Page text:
Here’s an update on the beer pong table project which as said before is based on the table chexal.com has made. I’ve been working on it over the last week or two, but haven’t made much headway on the physical side as I’m still waiting for a 10mm router bit that should be the exact width of the leds so everything fits together nicely.
I made a quick model of the table in Inventor so I could see how large the led array would be and rendered a few different pictures of it:
The plan right now is to stain the wood black as seen in the first picture. I have all the wood cut and I’m just about to start staining the edge pieces while I wait for that router bit. The table is 8ft. long by 2ft. wide including the trim around it. On top of the wood will be some 2mm thick acrylic so I will be sinking the LEDs into the plywood with the routered sections seen above. The table will also fold in half with a hinge so it is easier to transport and store.
The table will use some folding legs from Lowes, but I might also add another leg to hold up the middle of the table so the hinge doesn’t get ripped out if a lot of weight is put on it.
Cup Detector Boards
My IR sensor boards arrived from OSHpark today so I wired one up to test it. When I was first testing it I accidentally used the absolute max ratings from the data sheet instead of the recommended and ended up frying a resistor and a detector. ooops. Good thing I ordered some extra… I replaced the components and used a 270 ohm resistor for the IR led and a 10k pullup for the collector. I wrote a simple arduino sketch to measure the collector voltage on startup and then compare that value to the real time reading to see if something has been placed in front of it. I was worried it wouldn’t have enough range to go through the acrylic, but after testing it seems to work quite well although if I did it again I would probably go for a sensor that has a higher range.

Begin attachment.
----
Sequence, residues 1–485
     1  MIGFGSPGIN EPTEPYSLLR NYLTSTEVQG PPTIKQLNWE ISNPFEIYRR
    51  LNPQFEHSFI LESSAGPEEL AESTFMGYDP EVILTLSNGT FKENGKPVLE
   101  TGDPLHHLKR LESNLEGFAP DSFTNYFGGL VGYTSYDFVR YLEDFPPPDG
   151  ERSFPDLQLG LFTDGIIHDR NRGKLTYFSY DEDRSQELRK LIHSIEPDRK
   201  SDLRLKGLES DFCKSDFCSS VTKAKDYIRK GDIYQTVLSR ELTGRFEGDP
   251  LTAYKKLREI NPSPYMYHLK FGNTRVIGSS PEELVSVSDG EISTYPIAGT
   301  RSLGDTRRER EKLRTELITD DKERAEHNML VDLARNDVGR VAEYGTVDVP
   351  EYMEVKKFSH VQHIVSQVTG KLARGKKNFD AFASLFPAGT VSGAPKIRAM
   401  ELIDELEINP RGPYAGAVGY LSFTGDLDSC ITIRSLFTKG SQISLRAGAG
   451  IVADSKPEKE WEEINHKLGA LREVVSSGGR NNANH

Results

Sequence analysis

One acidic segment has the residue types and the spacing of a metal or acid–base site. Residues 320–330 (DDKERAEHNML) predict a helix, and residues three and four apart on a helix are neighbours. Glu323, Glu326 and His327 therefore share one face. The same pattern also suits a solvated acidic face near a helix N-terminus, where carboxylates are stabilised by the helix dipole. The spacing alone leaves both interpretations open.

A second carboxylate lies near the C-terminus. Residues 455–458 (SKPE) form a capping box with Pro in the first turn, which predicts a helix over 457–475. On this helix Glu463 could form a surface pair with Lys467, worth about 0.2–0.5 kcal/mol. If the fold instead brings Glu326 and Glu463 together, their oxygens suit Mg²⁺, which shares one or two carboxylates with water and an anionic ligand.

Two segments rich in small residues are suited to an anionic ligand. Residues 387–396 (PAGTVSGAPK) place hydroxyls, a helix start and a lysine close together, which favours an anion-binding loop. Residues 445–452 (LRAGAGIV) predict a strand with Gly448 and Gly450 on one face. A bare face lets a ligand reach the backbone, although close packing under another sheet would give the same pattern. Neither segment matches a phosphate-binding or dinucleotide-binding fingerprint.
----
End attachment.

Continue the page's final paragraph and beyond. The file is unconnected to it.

I also designed a 3d printed part to hold the board and the LEDs that will surround the detector to light up the cup:
There are cutouts at the bottom for the wires, and a lip around the top if I want to add a 1mm thick diffuser.
I’m going to be using some FadeCandy boards to drive the LEDs and a Processing sketch for the time being to control the FadeCandy’s. So far I have made a bar graph equalizer that reacts to the music being played from a pc:
I’m not completely happy with how it turned out so I will be improving it as I go along, but I think it’s a decent start.
Once I finish this project I’ll make sure to add more details on its finished project page.